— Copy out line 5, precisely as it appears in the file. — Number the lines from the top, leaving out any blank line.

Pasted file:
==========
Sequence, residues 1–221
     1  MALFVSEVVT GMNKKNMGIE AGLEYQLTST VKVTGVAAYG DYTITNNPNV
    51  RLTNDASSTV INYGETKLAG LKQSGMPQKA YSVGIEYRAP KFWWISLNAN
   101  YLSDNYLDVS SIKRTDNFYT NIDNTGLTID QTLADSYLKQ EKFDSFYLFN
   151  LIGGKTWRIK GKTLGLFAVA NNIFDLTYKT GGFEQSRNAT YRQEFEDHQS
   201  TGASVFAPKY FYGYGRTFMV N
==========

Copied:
   151  LIGGKTWRIK GKTLGLFAVA NNIFDLTYKT GGFEQSRNAT YRQEFEDHQS